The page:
Target Pistols and Target Shooters Part 8
Match Pistols – Shooting the Weihrauch HW 75
By Dennis Adler
Throughout this series on single shot pneumatic air pistols each gun has distinguished itself with unique features, the Air Venturi V10 with its specific grip configuration for entry level competitive 10-meter shooting, the Beeman P3 with its excellent fiber optic sights and semi-auto pistol like handling, and now the Weihrauch HW 75 with its superb ambidextrous grip and safety design, target trigger, and ease of operation.
As I mentioned in Part 7, the grip design on the HW 75 is similar to centerfire match pistols that use a flared profile with thumb rests, only the Weihrauch’s is ambidextrous. The palm shelf is also seen on centerfire competition guns, some of which are machined as part of the grip frame, others, like the Max Michel (as shown in Airgun Experience No. 175) attached around it. Either way, it provides more support for the shooting hand, whether part of the grip frame or the grip design itself.
As I have noted in the past I have a medium-large size hand and most Medium grips (or interchangeable backstrap panels) are correct for my hand. The HW 75 grip is what I consider medium-large. I base this on my own hand size and what I consider to be a correct fit, which when holding the pistol allows the bottom of my thumb to touch the top of my middle finger, or finger print on finger nail. Even so, the safety on the HW 75 is far enough forward on the frame that I had to rotate the gun in my hand to reach it, so I immediately opted for using my trigger finger to operate the safety lever on the right side, which is meant for the left-handed shooter.
The HW 75 trigger has three separate adjustments, the first two on the trigger face and accessed with an appropriate sized hex-head wrench (included) through an opening in the bottom of the triggerguard. One adjustment is for trigger slack (take up) another for adjustment of the let off point. The third is to lighten or increase trigger weight, which first requires removing the grips to access the trigger weight adjustment screw. The factory adjustments are the recommended settings, and that is how I shot the test. Trigger take up was 0.125 inches, let off point 0.0625 inches, and trigger pull averaged 1 pound, 5.3 ounces. The Weihrauch trigger is short, crisp, and light; better than either the Air Venturi V10 or Beeman P3.
To prepare the pneumatic action for a shot you begin by doing what every pistol shooter has done since the advent of target pistols (single shot, revolvers, and even some semi-autos for the first round); you cock the hammer. With the HW 75 you then depress the small serrated release catch to the left of the hammer and lift the barrel assembly, pulling it up and forward until it is fully extended. At this point (or when the barrel assembly is at a 45 to 90 degree angle), you can load your pellet. The barrel breech is tight but the pellet head rolls easily into the chamber. You do, however, need to press the pellet in firmly to properly seat it.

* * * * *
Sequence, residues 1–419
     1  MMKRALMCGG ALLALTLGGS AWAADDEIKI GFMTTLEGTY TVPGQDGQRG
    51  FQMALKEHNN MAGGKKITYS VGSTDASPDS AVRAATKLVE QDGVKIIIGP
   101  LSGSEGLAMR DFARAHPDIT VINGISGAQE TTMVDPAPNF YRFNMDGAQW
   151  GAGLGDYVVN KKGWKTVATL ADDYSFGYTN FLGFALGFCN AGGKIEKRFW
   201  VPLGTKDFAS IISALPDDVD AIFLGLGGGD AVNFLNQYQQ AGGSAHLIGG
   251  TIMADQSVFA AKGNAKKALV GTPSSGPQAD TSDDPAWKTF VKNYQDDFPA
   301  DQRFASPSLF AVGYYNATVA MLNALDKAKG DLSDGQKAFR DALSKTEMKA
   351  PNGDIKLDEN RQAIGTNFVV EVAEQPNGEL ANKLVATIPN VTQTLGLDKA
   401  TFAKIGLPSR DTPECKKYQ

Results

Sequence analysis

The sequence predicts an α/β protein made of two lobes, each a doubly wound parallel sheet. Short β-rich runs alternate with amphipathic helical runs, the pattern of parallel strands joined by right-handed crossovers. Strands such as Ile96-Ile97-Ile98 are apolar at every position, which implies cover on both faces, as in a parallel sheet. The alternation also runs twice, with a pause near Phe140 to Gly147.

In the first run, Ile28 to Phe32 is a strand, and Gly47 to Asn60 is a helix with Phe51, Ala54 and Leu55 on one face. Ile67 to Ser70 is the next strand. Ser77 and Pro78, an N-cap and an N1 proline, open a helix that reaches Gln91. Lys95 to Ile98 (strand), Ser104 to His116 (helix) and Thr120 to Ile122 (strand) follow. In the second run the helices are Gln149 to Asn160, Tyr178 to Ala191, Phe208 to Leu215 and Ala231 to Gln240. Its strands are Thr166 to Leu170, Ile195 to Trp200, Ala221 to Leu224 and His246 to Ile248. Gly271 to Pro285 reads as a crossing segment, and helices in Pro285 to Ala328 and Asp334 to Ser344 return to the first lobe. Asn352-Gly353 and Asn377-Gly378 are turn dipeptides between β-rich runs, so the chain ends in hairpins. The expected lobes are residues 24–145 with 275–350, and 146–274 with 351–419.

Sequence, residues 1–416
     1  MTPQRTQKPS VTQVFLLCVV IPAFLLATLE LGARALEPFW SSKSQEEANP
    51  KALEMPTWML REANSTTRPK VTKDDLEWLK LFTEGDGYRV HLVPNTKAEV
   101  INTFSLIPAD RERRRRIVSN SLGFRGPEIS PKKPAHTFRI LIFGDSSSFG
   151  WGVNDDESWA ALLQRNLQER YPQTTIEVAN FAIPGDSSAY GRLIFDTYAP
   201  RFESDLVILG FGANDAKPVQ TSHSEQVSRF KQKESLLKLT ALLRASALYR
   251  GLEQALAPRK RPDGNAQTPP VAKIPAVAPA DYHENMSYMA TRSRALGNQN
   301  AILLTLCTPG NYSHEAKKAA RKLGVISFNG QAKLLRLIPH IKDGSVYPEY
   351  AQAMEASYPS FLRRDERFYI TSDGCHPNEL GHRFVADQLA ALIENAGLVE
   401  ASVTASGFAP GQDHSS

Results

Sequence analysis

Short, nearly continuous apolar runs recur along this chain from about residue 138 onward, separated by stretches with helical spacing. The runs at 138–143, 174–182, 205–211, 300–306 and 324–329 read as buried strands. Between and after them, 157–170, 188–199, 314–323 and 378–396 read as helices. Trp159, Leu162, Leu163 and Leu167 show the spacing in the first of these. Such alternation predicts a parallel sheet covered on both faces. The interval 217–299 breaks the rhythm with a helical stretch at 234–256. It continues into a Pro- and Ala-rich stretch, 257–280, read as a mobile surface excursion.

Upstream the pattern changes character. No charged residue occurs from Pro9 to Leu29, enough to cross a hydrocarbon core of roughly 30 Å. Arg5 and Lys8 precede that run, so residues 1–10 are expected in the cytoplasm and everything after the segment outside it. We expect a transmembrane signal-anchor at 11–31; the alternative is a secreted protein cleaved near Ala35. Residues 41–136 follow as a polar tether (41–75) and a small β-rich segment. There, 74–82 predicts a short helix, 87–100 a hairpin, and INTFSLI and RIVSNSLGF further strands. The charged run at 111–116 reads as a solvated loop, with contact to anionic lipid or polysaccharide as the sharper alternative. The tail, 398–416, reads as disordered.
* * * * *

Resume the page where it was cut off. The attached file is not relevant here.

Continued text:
Closing the assembly compresses the air drawn into the cylinder and this is where the quality of the Weihrauch design comes through. It is smooth enough to close without having to rest the frame against your leg, you simply exert about 18 to 19 pounds of pressure (considerably less than required by the Beeman P3 or Air Venturi V10) with the palm of your hand and lock it down. To my surprise this can be done with the ambidextrous safety set on SAFE or FIRE, but it is intended to be set to SAFE before charging and loading, and that is the correct procedure.
I chronographed the HW 75 with the same pellets from the previous two tests, Meisterkugeln Professional Line 7.0 gr. lead wadcutters and Sig Sauer Match Ballistic 5.25 gr. alloy wadcutters. The lead cleared the Weihrauch’s muzzle at an average velocity of 344 fps, while the lightweight alloy pellets flew at an average of 362 fps. This is a little slower than the Air Venturi V10 with Meisterkugeln, which averaged 363 fps. The Sig Sauer alloy pellets broke 400 fps in the V10 but did not perform nearly as well in the HW 75. The heavy-hitting Beeman P3 averaged 380 fps and 430 fps, respectively.
I decided to shoot the 10-meter test with the Meisterkugeln 7.0 gr. lead wadcutters. The rear sight has click adjustments which makes it a little more precise than the V10 or Beeman P3. Once you are looking through the sights and on target it is impressive how easily, yet crisply, the HW 75’s trigger drops the hammer.
My pre-sight adjustment group (upper left) was an impressive 0.625 inches for five shots; that’s the diameter of a dime. I probably duplicated that in my 10-shot group (with adjusted sights) which tore one ragged hole from the bullseye to the edge of the 7 ring. For 10 shots that was a spread of 1.06 inches, and if I overlay the dime on that spread there would have to be at least five shots of the same 0.625 inch diameter in the largest part of the overall hole. The HW 75 delivered the greatest accuracy of the three single shot pneumatics tested, and the Air Venturi is an actual 10-meter pistol!
Little has changed in the 17 years since the HW 75 was introduced; it still delivers weight, balance, respectable velocity and ease of handling that is almost impossible to improve upon. All metal construction, top quality hand finished walnut grips, a durable piston design, two-stage adjustable trigger, and fully adjustable target rear sights make this an enduring design that one early reviewer of the Weihrauch model described as, “…an heirloom pistol that can be handed down.” That too, has not changed.